Share Market Indices Explained: What Does A Market Index Mean?
A beginner’s guide to understanding share market indices
A share market index tracks changes in stock prices for companies in the index. Share market indices are frequently quoted to provide information about how a group of stocks have performed.
Standards and Poor’s states that the S&P/ASX200 exists to meet the “needs of investment managers who require a portfolio benchmark and index characterized by sufficient size and liquidity”. 
What they mean is that investment managers need something to measure their portfolio’s performance against. They need a measure that covers a broad range of Australian shares and includes only shares that are traded in high volume. High volume (liquidity) is important because it means there are less price distortions in the price arising from a lack of participants in the stock.
A share market index is quoted as a seemingly arbitrary number. E.g. ‘the S&P/ASX 200 closed at 4,653.3 today’.
“The level of an index reflects the total market value of all the component stocks relative to a particular base period… On any given day, the index value is the quotient of the total available market capitalization of the index’s constituents and its divisor.”
Share Index = Total Market Value of All Companies / Base Value
Total market value of a company = Stock Price x Number of shares available (adjusted)
Base capital value reflects the amount of capital that all companies had at the time the index was started. The base capital figure is adjusted through time due to changes in the companies in the index. The base capital is adjusted when companies in the index;
- are removed or added
- issue more shares
- buyback shares
The index maintainers will ensure that the index figure is exactly the same before and after an adjustment is made in the base capital figure. This ensures that the index does change due to a company issuing more shares or buying shares back.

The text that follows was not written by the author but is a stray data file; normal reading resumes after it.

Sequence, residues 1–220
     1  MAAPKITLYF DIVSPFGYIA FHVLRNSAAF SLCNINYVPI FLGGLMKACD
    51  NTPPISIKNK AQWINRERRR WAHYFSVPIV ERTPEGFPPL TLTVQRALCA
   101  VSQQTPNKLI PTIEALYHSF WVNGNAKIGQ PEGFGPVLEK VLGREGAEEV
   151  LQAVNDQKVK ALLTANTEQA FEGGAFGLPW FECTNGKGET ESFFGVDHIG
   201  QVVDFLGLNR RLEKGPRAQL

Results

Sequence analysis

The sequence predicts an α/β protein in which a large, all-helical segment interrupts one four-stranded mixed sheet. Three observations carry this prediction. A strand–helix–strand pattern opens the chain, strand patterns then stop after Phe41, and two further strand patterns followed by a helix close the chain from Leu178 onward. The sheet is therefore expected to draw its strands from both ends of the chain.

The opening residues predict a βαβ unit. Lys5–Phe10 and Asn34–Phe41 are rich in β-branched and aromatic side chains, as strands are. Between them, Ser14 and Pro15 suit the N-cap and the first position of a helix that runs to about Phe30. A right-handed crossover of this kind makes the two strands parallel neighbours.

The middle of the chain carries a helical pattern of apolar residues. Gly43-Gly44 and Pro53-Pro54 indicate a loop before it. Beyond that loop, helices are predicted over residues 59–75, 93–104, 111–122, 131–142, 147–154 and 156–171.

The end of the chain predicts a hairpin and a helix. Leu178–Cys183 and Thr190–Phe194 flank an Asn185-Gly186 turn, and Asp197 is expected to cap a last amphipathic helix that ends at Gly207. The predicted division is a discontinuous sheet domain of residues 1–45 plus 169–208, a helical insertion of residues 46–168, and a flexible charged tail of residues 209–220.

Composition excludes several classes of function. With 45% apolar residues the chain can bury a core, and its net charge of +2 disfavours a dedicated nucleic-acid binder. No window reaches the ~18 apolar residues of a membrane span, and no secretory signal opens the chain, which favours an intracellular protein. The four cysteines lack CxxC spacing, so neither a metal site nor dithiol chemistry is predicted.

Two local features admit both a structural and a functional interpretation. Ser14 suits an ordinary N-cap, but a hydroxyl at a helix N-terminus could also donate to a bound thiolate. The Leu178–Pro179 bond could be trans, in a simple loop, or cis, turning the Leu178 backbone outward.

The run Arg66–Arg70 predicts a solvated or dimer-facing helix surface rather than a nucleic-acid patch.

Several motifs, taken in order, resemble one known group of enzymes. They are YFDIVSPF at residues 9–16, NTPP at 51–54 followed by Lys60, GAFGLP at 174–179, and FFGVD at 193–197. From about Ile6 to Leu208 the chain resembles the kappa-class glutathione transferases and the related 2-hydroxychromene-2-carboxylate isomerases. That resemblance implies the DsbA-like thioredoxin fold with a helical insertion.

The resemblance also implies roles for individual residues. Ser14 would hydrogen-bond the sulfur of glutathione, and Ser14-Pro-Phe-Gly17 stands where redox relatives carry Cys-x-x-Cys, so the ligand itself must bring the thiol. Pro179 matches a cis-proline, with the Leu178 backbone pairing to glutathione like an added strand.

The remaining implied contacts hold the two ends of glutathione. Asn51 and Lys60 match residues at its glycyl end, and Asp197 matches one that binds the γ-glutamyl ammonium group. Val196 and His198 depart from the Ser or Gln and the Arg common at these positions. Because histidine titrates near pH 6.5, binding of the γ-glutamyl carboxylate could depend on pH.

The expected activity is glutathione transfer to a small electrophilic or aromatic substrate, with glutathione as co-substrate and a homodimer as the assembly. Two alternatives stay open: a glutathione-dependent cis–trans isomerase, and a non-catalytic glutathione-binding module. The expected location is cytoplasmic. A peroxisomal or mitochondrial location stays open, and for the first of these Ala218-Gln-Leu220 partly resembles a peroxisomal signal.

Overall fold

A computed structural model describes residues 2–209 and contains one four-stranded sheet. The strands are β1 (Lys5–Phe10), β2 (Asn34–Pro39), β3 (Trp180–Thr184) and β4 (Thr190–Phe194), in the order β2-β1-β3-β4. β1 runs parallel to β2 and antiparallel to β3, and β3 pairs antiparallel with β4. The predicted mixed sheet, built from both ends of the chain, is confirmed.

If the base capital figure weren’t adjusted share indices wouldn’t be a true reflection of how the market has performed.
BHP is the largest stock in the S&P/ASX200 index. It makes approximately 13.6% of the index.
Imagine if BHP decided to split into many small companies and was no longer allowed to be in the S&P/ASX 200.
The total market capitalisation of all companies in the S&P/ASX 200 would fall dramatically. If the index maintainers did not adjust the base capital amount, the S&P/ASX 200 would show a dramatic drop. The drop would not reflect the true performance of the Australian stock exchange and many portfolio managers could claim a return well above the benchmark!
If the index just represents the value of all companies in the index why not just use the value figure rather than an index number?
“An indexed number is used to represent the results… in order to make the value easier to work with and track over time. It is much easier to graph a chart based on indexed values than one based on actual market values.”
“Changes in the index level reflect changes in the total market capitalisation of the index that are caused by price movements in the market.”
A rise in the share index signifies that the total value of companies in the index rose. A fall in the share index signifies that the total value of companies in the index fell.
Price changes usually occur when shares go ex-dividend (see our shares going ex-dividend guide for more info). Index maintainers take this into account when calculating the index and will adjust the total market value of the index and the index divisor so that the index figure isn’t affected.
In the case of the S&P/ASX indices a security must be:
- Listed on the ASX
- Must be a public float of at least 30%
- Must be actively and regularly traded (liquidity)
In order for a stock to be included in an index such as the S&P/ASX 200 the market capitalisation of a company is assessed. The average of 6 previous months end-of-day adjusted market capitalisation figures are used.
Companies are removed from an index if they no longer meet the criteria listed above. This may occur when a company significantly changes its structure e.g. through a merger or acquisition.
It is often a mix of index analysts and economists from a private company and from the stock exchange the index is based on.
In Australia the S&P Australian Index Committee is responsible for maintaining the S&P/ASX indices.